Two young brothers find themselves divided by their parents’ separation, attending different schools and living at opposite ends of one of Japan’s largest landmasses. Keen to reunite, and in doing so repair the rift between their parents, the boys cook up an almost mystical solution.
They agree to play truant from school and trek separately to meet where, for the first time, two Bullet Trains, speeding from opposite directions, will pass each other for a split second, believing that if they make the same wish simultaneously, their desire for reunification will somehow magically be granted in the wake of the train.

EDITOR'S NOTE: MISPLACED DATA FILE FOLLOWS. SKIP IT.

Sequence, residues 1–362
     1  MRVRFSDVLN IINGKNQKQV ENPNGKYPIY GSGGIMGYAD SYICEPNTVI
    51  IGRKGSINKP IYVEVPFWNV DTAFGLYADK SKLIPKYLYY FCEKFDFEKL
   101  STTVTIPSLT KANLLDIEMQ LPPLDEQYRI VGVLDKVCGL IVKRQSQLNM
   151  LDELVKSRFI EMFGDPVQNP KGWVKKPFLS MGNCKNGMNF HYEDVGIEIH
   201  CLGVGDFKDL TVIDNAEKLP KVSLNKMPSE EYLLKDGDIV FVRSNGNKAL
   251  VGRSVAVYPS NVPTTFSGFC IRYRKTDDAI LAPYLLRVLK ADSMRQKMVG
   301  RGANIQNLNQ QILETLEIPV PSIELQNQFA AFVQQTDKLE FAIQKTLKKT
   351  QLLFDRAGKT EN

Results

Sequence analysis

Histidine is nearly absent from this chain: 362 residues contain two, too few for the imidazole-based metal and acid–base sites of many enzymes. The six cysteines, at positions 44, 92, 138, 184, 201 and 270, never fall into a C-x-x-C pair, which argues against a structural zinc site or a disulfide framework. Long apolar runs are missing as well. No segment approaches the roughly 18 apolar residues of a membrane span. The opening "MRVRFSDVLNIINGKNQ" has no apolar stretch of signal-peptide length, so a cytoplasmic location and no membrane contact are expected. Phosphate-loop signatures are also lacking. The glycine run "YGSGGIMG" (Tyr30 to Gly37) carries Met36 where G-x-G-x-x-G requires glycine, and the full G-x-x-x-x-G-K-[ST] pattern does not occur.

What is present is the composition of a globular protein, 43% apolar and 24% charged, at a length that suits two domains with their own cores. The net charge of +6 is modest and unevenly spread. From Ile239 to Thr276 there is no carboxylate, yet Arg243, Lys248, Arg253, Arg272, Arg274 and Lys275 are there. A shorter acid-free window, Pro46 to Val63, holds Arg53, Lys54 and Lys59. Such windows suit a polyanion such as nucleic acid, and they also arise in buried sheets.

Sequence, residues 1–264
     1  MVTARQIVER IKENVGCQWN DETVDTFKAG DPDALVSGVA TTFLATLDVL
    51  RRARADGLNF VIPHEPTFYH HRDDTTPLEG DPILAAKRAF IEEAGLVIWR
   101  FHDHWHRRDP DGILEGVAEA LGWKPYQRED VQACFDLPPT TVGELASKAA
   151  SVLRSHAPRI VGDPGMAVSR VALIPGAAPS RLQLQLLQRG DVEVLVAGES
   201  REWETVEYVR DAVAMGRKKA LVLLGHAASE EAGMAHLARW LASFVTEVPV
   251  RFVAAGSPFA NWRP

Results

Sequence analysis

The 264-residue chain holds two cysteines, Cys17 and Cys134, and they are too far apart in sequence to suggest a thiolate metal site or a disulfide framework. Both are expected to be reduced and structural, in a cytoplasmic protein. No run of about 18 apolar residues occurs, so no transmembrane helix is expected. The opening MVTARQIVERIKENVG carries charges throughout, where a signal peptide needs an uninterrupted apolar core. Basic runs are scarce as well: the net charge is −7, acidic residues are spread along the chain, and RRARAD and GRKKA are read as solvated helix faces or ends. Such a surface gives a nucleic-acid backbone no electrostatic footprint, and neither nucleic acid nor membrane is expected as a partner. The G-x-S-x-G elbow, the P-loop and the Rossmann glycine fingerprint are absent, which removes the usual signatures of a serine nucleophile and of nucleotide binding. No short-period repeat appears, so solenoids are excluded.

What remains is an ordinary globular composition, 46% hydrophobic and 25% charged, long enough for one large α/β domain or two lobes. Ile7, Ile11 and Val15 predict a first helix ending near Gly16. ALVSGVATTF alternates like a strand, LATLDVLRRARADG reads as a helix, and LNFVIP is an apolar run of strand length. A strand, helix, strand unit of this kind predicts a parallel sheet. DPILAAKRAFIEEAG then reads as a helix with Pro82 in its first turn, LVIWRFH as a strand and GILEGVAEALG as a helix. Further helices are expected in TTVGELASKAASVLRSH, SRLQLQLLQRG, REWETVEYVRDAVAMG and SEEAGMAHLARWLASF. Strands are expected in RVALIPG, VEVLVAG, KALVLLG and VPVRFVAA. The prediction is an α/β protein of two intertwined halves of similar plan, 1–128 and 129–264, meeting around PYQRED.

Once again, Hirokazu Kore-eda (Nobody Knows, Still Walking) shows his mastery of working with children and teasing out the complexities of adult life through his young cast. It’s at once a wonderful evocation of childhood and an emotionally stirring tale of innocence slowly evolving into experience with all the pathos, and importantly, none of the cheap sentimentality, this suggests.
A touching, warm and realistic portrait of family life in contemporary Japan, Kore-eda delivers an utterly engaging, emotionally complex portrait of parents, grandparents and teachers all seen through the prism of the pitch perfect young boys.